ACBL Charity Foundation Corporation

The American Contract Bridge League Charity Foundation Corporation, hereafter referred to as the ACBL Charity Foundation, was incorporated in 1964 in the State of New York. The headquarters of the corporation are at 6575 Windchase Blvd., Horn Lake MS 38637-1523.


The ACBL Charity Foundation is managed by five trustees; all of whom must be American Contract Bridge League (ACBL) members, and at least one of whom must not be a current member of the ACBL Board of Directors. Current trustees and the year their term expires are:

Trustee Term
Georgia Heth, President 1-2015*
James Sternberg, MD, Vice President 2-2016*
Bill Cook, Treasurer 1-2015*
Bonnie Bagley 2-2018*
Phyllis Harlan 2-2017*

* 1-xxxx = 1st term expiration; 2-xxxx = 2nd term expiration

Trustees are elected to four year terms, and may not serve more than two consecutive terms. Trustees are elected by the ACBL Board of Directors. ACBL members wishing to stand for election as a Charity Foundation trustee should contact Kelley McGuire at ACBL headquarters for information. Kelley’s e-mail address is

Trustee Meetings

The ACBL Charity Foundation Board of Trustees meets at least twice a year, at the Spring and Fall NABCs. Click on the following to view minutes of board meetings held during the past four years.

Charity Foundation Income

Money to fund the donations made by the ACBL Charity Foundation is raised primarily from the charity games held in clubs and units. In addition, there are two ACBL-wide charity games held annually in clubs, one in March and the other in November. Occasionally, individual contributions are made.


Much information about the ACBL Charity Foundation can be found in its bylaws. Click ACBL Charity Foundation Bylaws to view the Bylaws.

Charity Foundation Grants

Since 1964, the ACBL Charity Foundation has made substantial contributions to a wide range of charitable organizations. To make a donation or find out more, call 662-253-3129, or e-mail us at

In an effort to respond to the needs of charity in our local areas, in 2005 the ACBL Charity Foundation began issuing grants to districts rather than granting one $100,000 contribution to a national Charity of the Year. The ACBL Charity Foundation is a 501(c)3 organization, and contributions are fully tax deductible.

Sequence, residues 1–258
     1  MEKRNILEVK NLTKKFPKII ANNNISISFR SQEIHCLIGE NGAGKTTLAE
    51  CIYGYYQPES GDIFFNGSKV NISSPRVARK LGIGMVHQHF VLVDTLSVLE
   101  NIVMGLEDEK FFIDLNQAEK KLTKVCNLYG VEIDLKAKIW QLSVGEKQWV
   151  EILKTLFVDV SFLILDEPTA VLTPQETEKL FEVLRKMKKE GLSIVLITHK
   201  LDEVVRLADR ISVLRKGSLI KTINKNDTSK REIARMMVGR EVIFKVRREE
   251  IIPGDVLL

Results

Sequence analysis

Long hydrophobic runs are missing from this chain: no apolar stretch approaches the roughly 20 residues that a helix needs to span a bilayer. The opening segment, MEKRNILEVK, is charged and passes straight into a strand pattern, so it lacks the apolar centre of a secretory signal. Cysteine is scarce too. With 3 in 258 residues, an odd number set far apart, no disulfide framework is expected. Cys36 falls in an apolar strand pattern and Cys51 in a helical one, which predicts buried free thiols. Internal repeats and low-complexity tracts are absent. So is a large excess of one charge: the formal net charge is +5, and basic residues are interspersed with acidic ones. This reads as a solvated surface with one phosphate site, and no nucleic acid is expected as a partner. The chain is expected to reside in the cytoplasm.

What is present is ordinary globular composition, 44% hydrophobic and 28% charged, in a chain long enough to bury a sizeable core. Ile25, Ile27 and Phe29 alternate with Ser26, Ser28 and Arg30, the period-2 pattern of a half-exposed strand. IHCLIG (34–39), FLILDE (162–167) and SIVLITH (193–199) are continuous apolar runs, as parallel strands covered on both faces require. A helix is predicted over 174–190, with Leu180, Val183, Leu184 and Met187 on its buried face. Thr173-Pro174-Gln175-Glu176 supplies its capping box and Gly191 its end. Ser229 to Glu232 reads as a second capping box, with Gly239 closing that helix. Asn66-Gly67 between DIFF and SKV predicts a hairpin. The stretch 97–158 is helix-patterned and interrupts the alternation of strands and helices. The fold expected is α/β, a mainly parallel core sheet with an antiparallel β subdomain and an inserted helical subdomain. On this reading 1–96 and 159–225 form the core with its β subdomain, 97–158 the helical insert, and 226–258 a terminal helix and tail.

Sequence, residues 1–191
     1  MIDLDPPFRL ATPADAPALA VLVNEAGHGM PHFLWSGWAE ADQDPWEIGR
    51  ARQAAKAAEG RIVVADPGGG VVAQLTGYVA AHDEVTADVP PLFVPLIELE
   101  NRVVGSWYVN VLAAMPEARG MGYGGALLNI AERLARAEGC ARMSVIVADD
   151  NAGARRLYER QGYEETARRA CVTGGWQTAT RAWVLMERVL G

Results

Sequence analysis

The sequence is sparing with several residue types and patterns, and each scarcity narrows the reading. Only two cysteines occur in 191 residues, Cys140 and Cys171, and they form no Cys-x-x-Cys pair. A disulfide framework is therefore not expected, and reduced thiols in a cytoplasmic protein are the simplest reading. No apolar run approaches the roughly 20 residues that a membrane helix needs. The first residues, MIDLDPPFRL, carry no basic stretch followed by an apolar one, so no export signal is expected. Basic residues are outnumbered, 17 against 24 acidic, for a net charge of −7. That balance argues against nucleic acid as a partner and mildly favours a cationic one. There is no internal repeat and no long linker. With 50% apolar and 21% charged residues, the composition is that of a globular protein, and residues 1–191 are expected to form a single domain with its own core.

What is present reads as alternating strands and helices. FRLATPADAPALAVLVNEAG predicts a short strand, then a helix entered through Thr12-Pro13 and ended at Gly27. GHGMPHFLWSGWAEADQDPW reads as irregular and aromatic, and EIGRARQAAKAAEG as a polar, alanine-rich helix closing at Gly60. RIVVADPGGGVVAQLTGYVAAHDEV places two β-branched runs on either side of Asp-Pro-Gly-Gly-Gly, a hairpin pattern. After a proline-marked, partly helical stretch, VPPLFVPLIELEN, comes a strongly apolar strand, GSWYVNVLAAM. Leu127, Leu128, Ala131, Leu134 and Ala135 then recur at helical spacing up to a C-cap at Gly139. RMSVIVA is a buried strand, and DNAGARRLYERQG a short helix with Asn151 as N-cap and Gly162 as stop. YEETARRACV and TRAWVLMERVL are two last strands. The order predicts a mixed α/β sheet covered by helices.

The districts are included in a four-year cycle with the exceptions of Districts 1 and 2, where charity funds are collected by the Canadian Bridge Federation (see below). Districts 18 and 19 share one grant because their membership is split between Canada and the U.S. During the previous cycle, District 19 received a 60% share and District 18 received a 40% share.

Districts receiving grants:

2015 — 3, 10, 13, 17

2016 — 5, 6, 9, 21, 23
2017 — 4, 14, 18/19, 22

 Authorized Grants:

Each district will be allowed to allocate $30,000. This sum can be divided into no more than five separate grants, each of which must be made to a qualified 501(c)3 organization.
The check will be written after the appropriate documentation of the 501(c)3 status has been provided, and the checks will be distributed directly to the recipients. Requests for checks will be made by the district director. The relevant district boards or their designee shall allocate the district grants.

Requests for grant allocations must be made by November 15 of each year or the unused portion will be forfeited and the funds returned to the general fund of the ACBL Charity Foundation. Distribution of funds may be delayed due to availability of liquid assets, and the districts shall be promptly notified of any such delays.

The Canadian Bridge Federation (CBF) Charitable Fund decides grant recipients from charity money raised in Canada. Districts 1 and 2 are both Canadian districts, and parts of districts 18 and 19 are in Canada.

Each Charity Foundation trustee is entitled to distribute up to $3000 per year to charities of his/her choice. Each member of the ACBL Board of Directors who is not also a Charity Foundation trustee is allotted $1000/year to give to charities of his/her choice. The ACBL Charity Foundation also sets aside $5000 to be contributed to a qualified charity at each NABC. The local tournament committee decides the recipient.

Applying for a Charity Foundation Grant